Research Papers: Design Automation

Resilience Assessment Based on Time-Dependent System Reliability Analysis

[+] Author and Article Information
Zhen Hu

Department of Civil and
Environmental Engineering,
Vanderbilt University,
279 Jacobs Hall,
Nashville, TN 37235
e-mail: zhen.hu@vanderbilt.edu

Sankaran Mahadevan

Department of Civil and
Environmental Engineering,
Vanderbilt University,
272 Jacobs Hall,
Nashville, TN 37235
e-mail: sankaran.mahadevan@vanderbilt.edu

1Corresponding author.

Contributed by the Design Automation Committee of ASME for publication in the JOURNAL OF MECHANICAL DESIGN. Manuscript received February 22, 2016; final manuscript received June 23, 2016; published online September 12, 2016. Assoc. Editor: Mian Li.

J. Mech. Des 138(11), 111404 (Sep 12, 2016) Paper No: MD-16-1140; doi: 10.1115/1.4034109 History: Received February 22, 2016; Revised June 23, 2016

Significant efforts have been recently devoted to the qualitative and quantitative evaluation of resilience in engineering systems. Current resilience evaluation methods, however, have mainly focused on business supply chains and civil infrastructure, and need to be extended for application in engineering design. A new resilience metric is proposed in this paper for the design of mechanical systems to bridge this gap, by investigating the effects of recovery activity and system failure paths on system resilience. The defined resilience metric is connected to design through time-dependent system reliability analysis. This connection enables us to design a system for a specific resilience target in the design stage. Since computationally expensive computer simulations are usually used in design, a surrogate modeling method is developed to efficiently perform time-dependent system reliability analysis. Based on the time-dependent system reliability analysis, dominant system failure paths are enumerated and then the system resilience is estimated. The connection between the proposed resilience assessment method and design is explored through sensitivity analysis and component importance measure (CIM). Two numerical examples are used to illustrate the effectiveness of the proposed resilience assessment method.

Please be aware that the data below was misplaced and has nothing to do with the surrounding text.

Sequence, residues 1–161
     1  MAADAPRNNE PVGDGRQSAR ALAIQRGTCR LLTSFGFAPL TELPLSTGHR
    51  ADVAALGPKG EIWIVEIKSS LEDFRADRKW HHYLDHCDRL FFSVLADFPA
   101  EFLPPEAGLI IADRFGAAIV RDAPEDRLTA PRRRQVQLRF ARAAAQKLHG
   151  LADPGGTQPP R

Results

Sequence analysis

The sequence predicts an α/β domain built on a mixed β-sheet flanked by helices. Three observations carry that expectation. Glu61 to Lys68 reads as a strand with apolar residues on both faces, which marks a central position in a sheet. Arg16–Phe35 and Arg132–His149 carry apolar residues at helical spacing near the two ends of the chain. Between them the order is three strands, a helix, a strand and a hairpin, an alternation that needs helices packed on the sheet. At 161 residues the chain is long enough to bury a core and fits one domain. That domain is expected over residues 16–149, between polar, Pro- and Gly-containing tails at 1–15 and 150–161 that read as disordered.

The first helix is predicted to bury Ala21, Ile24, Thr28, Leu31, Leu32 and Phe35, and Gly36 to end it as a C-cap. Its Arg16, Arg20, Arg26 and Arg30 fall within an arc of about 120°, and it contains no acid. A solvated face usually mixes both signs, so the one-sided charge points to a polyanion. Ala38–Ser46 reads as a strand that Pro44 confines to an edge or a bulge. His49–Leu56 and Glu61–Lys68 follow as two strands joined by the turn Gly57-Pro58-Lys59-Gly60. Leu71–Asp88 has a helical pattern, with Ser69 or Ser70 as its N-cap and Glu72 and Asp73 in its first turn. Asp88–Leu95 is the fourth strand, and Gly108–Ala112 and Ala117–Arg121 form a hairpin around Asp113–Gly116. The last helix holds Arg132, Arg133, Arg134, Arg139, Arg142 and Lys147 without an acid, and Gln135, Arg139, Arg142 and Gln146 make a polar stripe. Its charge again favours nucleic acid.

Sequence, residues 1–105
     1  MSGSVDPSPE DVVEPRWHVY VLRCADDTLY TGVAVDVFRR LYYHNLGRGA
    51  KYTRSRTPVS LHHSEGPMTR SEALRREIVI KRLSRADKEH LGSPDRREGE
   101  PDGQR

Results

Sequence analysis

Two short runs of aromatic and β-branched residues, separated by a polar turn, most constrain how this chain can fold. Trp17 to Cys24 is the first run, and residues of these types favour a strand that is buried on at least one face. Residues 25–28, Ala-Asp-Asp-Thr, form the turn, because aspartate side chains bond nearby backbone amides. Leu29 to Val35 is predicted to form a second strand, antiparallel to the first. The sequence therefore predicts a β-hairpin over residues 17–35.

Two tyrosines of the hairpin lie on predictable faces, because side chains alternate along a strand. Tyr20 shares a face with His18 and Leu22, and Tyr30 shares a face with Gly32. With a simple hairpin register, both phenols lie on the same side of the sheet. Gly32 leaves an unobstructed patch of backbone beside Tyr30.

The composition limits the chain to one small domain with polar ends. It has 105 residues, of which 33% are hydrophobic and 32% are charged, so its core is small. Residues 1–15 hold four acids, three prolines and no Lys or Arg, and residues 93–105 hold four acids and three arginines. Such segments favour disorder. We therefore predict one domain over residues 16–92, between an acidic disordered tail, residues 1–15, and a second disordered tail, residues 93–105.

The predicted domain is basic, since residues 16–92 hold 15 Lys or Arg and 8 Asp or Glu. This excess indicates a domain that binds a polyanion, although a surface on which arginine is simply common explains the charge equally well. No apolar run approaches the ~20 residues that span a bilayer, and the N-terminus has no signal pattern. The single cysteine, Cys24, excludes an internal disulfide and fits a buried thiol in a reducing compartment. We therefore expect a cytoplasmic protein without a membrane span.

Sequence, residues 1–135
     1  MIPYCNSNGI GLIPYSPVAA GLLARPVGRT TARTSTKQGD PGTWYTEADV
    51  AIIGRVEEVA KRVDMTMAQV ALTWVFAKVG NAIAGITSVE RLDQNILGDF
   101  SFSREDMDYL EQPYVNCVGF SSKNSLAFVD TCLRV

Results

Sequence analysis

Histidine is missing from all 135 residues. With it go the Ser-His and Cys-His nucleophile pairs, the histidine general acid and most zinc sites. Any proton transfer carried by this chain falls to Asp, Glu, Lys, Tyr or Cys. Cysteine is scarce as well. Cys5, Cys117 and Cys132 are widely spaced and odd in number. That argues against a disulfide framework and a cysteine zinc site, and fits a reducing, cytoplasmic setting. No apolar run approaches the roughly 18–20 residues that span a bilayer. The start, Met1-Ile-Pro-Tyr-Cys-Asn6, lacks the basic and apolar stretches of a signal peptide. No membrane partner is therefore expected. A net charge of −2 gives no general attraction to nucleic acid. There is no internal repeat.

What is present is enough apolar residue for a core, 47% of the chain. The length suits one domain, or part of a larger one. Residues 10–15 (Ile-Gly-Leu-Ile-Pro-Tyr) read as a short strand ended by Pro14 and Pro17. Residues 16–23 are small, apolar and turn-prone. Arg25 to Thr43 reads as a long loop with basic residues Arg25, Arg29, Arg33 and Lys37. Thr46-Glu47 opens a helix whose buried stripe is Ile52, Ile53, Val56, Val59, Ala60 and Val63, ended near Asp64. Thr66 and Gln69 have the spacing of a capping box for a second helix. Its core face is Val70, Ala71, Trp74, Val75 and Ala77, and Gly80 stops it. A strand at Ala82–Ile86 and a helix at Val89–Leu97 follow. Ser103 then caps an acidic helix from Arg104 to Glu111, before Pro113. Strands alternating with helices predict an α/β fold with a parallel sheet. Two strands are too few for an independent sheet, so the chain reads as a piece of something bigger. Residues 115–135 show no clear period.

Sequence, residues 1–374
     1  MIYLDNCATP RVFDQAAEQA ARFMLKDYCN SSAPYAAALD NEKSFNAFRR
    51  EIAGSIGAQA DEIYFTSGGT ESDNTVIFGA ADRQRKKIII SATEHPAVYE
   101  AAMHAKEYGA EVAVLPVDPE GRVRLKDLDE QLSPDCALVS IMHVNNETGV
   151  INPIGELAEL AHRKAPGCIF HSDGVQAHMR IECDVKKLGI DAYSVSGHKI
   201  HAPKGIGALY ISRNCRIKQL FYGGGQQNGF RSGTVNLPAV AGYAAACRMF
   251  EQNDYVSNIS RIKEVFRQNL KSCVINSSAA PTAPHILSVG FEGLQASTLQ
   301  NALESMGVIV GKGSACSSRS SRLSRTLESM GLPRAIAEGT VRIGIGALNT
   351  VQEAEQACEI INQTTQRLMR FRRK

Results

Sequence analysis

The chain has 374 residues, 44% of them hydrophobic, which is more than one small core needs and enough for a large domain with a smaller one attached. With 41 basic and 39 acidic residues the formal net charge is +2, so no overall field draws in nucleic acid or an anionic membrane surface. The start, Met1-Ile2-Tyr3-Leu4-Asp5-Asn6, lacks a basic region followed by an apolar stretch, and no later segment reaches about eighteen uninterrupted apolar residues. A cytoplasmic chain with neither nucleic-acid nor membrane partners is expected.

Copyright © 2016 by ASME
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Fig. 1

A generalized representation of system resilience

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Fig. 2

Resilience considering different failure and recovery paths

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Fig. 3

Illustration of system QoI with failure and recovery

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Fig. 4

A system with brittle failure events

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Fig. 5

First-passage point of a realization for given X=x

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Fig. 6

An example of a combined system

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Fig. 8

Comparison of time-dependent system failure probability

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Fig. 9

Resilience of the roller clutch over 20 years

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Fig. 10

Resilience sensitivity of roller clutch

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Fig. 11

Resilience CIM analysis of roller clutch

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Fig. 12

A cantilever beam-bar system

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Fig. 13

Modified RBD of the cantilever beam-bar system (i|j stands for the failure of the ith component given that the jth component fails in Eqs. (61)(65)): (a) failure sequences and (b) RBD

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Fig. 14

Resilience of the cantilever beam-bar example

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Fig. 15

CIM analysis of the cantilever beam-bar example




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